Amazon's move to lower the price of its now entry-level tablet to $139 may have sent ripples through the portable computing market yesterday, and it's worth exploring whether the aggressive pricing will also hurt LeapFrog's $149 tablet.
Ultra has been earning plenty of accolades as one of this upcoming holiday season's hottest playthings.
- Last week it was included in Kmart's Fab 15 holiday toy list.
- Ultra was named to Dr. Toy's "100 Best of 2013" list as well its "10 Best Technology 2013" countdown last week.
- On Tuesday, the sturdy tablet made the cut of Toys R Us' Fabulous 15 list.
- Yesterday it was on The Toy Insider's "Hot 20" 2013 list.
Clearly the expectations are for a strong showing this season. The original LeapPad Explorer may have snuck on as a sleeper hit of the 2011 holiday shopping season -- even topping a few layaway wish lists -- but the market's ready for the third generation of LeapFrog's tablet.
Ultra offers access to the same rich ecosystem of more than 800 interactive learning games and applications that has drawn parents of young children to the LeapPad platform, but this time the device can also do far more outside of LeapFrog's realm.
BMO Capital Markets did downgrade the stock earlier this month on glitch reports it encountered in testing Ultra -- lowering its price target on the shares from $15 to $10 -- but consumers don't see it that way. The tablet's user ratings on Amazon.com are comparable to the previous two incarnations.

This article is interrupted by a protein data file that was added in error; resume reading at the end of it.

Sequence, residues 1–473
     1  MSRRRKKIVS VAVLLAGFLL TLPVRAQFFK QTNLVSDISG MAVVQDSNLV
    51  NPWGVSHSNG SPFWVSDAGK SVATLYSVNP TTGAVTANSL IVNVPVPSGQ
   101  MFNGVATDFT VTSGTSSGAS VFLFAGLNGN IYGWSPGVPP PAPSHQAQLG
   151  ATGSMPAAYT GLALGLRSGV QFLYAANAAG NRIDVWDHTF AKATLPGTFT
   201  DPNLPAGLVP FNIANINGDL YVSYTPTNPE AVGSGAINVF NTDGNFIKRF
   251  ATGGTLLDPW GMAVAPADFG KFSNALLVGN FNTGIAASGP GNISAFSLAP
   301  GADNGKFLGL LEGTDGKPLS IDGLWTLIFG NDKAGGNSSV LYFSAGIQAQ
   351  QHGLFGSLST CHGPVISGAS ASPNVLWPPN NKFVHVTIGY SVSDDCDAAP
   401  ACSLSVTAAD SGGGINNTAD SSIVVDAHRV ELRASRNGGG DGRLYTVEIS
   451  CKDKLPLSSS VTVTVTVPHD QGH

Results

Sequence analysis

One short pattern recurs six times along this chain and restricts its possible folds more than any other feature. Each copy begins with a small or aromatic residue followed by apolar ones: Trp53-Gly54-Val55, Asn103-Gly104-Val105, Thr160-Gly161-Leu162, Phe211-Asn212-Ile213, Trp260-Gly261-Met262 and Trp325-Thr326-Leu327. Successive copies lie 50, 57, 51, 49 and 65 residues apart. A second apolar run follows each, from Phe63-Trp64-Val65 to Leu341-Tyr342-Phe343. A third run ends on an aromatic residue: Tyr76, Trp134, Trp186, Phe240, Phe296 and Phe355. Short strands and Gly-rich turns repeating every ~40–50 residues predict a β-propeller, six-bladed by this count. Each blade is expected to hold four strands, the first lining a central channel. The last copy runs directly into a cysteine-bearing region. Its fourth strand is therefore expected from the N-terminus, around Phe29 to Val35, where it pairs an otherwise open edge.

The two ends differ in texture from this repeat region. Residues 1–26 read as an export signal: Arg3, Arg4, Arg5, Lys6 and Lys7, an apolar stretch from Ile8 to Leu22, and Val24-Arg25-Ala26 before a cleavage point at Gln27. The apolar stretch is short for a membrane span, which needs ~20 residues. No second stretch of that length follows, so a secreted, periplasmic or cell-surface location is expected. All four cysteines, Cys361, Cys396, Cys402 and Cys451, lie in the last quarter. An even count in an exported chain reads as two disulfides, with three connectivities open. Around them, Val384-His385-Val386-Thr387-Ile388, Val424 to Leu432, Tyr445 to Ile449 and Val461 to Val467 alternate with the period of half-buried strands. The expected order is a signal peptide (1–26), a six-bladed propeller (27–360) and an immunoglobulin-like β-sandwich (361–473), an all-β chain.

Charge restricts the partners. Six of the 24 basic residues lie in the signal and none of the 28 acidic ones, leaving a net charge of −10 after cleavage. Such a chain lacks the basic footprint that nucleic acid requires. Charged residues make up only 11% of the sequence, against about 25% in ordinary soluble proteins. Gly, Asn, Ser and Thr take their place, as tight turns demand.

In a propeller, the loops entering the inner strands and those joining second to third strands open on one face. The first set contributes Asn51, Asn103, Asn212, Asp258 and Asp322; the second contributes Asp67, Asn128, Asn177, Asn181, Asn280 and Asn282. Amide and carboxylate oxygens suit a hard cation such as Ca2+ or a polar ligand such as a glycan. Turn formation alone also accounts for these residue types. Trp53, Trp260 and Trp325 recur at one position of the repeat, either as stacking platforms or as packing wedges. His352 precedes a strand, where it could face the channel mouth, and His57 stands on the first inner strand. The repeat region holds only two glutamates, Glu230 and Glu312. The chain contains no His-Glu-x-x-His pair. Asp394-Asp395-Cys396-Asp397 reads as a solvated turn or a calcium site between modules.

The real challenge for Ultra will come as it faces Amazon practically giving away its full-featured Kindle Fire HD for $139. Amazon introduced its first tablet in time for the 2011 holiday shopping season -- just like LeapFrog -- but it was priced at $199 at the time.
The original LeapPad Explorer had no problem carving itself a unique market when it was introduced in summer 2011. Apple's iPad seemed to have the market all to itself at the time, but then came the invasion of dirt cheap Nexus and Kindle Fire devices. Apple is actually now selling fewer iPads than it was a year ago.
The $99 price for the original LeapPad also didn't hurt. LeapFrog's Ultra carries a steeper $149 price tag, but it also has many of the features that one expects from entry-level tablets. In short, it's more than just a learning toy, and this may make it more appealing to slightly older kids than the ones drawn to the first two incarnations.
LeapFrog's problem is that while its LeapPad was an easy purchase to consider three summers ago when the alternative was to hand over a fragile $499 iPad to a young child, it's no longer as scary to hand over a $139 Kindle Fire HD in a world where so much data and purchases are backed up on the cloud.
LeapFrog is naturally going to hope that its award-winning learning applications and its vetted tablet experience will help set it apart this holiday season. Even Toys R Us introduced its own tablet last year, and LeapFrog's second-generation tablet did just fine.
This will be a challenging and possibly defining moment for LeapFrog. The stock has slipped 21% since its peak last month on these very jitters, so the upside is healthy from here if it proves the skeptics wrong.
One way or another, LeapFrog has to make the grade this season.
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